Boosting Phyto-Benefits for Better Health and Longevity

Lorie-Solomon, broccoli research at the PHHI greenhouses

Published in The Charlotte Observer’s Pulse Magazine.

Broccoli, blueberries and bananas are already tagged “super foods,” meaning they are more nutritious than most other fruits and vegetables. Yet, under the microscopes at the North Carolina Research Campus (NCRC) in Kannapolis, scientists are finding ways to boost their benefits.

The NCRC is a public-private research center where scientists from Dole Foods, General Mills, Monsanto, Sensory Spectrum and 10 academic and healthcare organizations share in the mission to transform science at the intersection of human health, agriculture and nutrition. Research into specific foods and their phytochemical composition is one specific area of research that falls under the broader scientific goals of the campus.

Phytochemicals are bioactive compounds inside plants. They are not considered essential nutrients for humans, but research is proving that they have immense health benefits in terms of preventing and potentially treating diseases.

Broccoli – The Mega-Vegetable

Broccoli research at the PHHI greenhousesBroccoli is one of the vegetables under investigation at North Carolina State University’s Plants for Human Health Institute (PHHI), which is located at the NCRC. Broccoli is a mega-vegetable with numerous healthy compounds like sulforaphane, indole 3 carbonols, carotenoids, flavonoids, quercetin, folic acid and vitamins E, K and C. Eating broccoli regularly is known to help prevent certain cancers and diabetes as well as pulmonary and heart disease.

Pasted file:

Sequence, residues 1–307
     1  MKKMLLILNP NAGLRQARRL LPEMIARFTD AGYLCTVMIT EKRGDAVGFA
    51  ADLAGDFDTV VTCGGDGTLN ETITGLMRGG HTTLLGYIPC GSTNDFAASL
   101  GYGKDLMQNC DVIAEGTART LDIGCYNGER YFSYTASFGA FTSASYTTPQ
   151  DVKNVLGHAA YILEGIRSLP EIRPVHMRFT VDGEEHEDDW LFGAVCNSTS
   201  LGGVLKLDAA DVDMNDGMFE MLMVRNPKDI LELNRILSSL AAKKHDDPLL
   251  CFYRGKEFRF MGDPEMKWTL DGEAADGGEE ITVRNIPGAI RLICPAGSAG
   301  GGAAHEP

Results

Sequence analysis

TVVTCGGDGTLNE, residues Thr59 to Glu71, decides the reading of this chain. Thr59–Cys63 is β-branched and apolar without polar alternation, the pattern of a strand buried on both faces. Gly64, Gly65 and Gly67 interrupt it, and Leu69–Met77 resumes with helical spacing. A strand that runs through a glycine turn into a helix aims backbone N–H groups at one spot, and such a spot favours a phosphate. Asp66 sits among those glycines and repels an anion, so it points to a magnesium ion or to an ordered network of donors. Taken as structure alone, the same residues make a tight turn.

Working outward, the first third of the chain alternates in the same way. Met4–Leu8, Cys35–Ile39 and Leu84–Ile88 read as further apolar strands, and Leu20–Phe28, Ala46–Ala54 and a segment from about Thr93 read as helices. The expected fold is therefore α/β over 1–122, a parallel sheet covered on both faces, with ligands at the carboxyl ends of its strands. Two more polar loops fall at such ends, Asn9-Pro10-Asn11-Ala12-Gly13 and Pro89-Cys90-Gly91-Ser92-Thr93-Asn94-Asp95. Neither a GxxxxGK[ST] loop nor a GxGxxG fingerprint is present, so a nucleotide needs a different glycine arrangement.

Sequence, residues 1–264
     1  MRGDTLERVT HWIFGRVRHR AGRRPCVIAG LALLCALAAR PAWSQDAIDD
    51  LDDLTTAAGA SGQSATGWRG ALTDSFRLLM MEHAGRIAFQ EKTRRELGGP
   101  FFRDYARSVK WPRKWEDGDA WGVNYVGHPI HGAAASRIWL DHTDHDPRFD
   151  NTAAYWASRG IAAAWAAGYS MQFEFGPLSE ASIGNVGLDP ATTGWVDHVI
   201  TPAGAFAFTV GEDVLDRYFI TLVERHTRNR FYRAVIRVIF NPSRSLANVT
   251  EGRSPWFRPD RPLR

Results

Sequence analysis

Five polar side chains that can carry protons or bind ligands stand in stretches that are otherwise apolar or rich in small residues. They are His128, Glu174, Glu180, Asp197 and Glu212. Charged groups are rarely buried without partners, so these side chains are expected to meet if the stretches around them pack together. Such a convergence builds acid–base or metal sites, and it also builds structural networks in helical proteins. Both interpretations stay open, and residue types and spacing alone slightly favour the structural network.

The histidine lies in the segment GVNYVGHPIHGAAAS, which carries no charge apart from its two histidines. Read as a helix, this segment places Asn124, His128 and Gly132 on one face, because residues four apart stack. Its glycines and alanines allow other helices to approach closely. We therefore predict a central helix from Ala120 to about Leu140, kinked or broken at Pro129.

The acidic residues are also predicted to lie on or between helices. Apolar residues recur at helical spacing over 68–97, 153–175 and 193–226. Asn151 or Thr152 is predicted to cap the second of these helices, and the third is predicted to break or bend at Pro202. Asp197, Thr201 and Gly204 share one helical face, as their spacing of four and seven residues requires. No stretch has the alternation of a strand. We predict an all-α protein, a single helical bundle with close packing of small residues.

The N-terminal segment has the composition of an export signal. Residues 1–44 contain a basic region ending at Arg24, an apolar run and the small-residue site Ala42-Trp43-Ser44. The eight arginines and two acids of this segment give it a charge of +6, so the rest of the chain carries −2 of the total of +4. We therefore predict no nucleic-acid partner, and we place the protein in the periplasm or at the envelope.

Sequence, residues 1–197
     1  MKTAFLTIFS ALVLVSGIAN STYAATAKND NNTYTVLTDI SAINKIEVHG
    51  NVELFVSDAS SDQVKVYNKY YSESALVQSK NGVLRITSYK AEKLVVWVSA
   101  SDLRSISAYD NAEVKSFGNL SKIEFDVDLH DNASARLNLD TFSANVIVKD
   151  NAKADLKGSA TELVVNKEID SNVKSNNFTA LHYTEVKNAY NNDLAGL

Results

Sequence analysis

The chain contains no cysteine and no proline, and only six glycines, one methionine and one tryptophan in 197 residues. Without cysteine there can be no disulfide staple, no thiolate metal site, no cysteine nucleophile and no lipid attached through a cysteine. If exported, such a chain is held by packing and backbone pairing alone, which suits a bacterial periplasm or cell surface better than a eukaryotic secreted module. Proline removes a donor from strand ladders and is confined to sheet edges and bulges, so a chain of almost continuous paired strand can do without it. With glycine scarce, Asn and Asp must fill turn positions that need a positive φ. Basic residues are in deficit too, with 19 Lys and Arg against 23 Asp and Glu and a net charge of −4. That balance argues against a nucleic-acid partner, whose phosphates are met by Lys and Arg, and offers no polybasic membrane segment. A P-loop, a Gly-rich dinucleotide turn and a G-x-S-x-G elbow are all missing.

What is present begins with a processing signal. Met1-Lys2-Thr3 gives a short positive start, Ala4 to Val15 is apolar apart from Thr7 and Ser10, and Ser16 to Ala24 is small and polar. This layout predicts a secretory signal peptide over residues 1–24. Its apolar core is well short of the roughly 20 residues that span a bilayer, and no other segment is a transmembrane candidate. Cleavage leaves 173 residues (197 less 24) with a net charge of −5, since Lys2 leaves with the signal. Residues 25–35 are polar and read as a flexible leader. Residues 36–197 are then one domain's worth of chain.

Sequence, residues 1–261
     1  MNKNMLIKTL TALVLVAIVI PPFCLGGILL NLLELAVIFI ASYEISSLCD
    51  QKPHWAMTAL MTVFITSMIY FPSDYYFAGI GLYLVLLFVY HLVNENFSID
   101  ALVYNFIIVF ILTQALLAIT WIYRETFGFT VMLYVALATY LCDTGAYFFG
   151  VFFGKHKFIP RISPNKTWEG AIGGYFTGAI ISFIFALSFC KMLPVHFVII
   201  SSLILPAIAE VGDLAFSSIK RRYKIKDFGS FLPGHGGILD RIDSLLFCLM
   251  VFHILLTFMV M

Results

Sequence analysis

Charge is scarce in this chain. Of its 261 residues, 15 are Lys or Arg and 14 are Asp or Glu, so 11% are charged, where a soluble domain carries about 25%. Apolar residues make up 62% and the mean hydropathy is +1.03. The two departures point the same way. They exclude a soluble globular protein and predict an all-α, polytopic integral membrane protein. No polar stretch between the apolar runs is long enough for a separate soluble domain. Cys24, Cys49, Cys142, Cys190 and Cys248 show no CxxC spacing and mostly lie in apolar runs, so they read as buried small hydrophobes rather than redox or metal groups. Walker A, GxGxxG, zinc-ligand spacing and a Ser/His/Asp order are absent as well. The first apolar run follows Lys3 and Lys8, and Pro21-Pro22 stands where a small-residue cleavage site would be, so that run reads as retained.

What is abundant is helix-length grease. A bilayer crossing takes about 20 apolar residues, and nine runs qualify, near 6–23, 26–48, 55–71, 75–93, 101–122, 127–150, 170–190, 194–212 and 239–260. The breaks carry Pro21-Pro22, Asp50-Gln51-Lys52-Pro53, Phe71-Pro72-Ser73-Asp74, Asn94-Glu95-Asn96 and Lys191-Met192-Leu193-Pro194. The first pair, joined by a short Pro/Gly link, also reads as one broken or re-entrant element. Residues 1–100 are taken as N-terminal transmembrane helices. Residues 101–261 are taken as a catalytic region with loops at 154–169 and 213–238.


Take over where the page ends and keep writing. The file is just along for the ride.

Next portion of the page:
Broccoli is also a member of the brassica family that includes mustard greens, cabbage, cauliflower and Brussels sprouts. Brassicas contain brassinosteroid homobrassinolide, a plant steroid that regulates growth, development and protein synthesis. When this plant steroid is ingested, Dr. Slavko Komarnytsky and Dr. Debora Esposito, both with PHHI, have found in an animal model that there is a positive effect on building muscle mass. (View the article.)

Dr. Allan Brown, applied molecular geneticist with PHHI, has found that broccoli has one problem. Varieties can have a four to 10-fold difference in the levels of any one of these healthy compounds. Brown is solving this problem by developing a new broccoli variety with stable levels of all of its compounds so that consumers can be assured they receive the maximum health benefit when they eat the vegetable, and farmers will have a new crop to grow. (View the article.)

Blueberries – Good to Eat, Good to Farm

A small, one-inch-size test tube of DNA extracted from a parent plant of the deciduous highbush blueberry contains a wealth of information.Blueberries are another “super food” PHHI is researching. Blueberries are high in vitamin C, fiber, manganese and antioxidants that neutralize the free radicals in the human body that are linked to aging and the development of cancer, cardiovascular disease and other age-related illnesses. Brown and PHHI Director Dr. Mary Ann Lila lead a multi-institutional consortium that is the first to sequence the blueberry genome. This is important because understanding the genome improves the likelihood of new medical applications and nutritionally-enhanced varieties being developed that can benefit consumers and North Carolina’s blueberry industry, the sixth largest in the United States. (View the article.)

Read the complete article on the N.C. Research Campus website.

Posted on April 19, 2013 | Posted in Slice of PHHI
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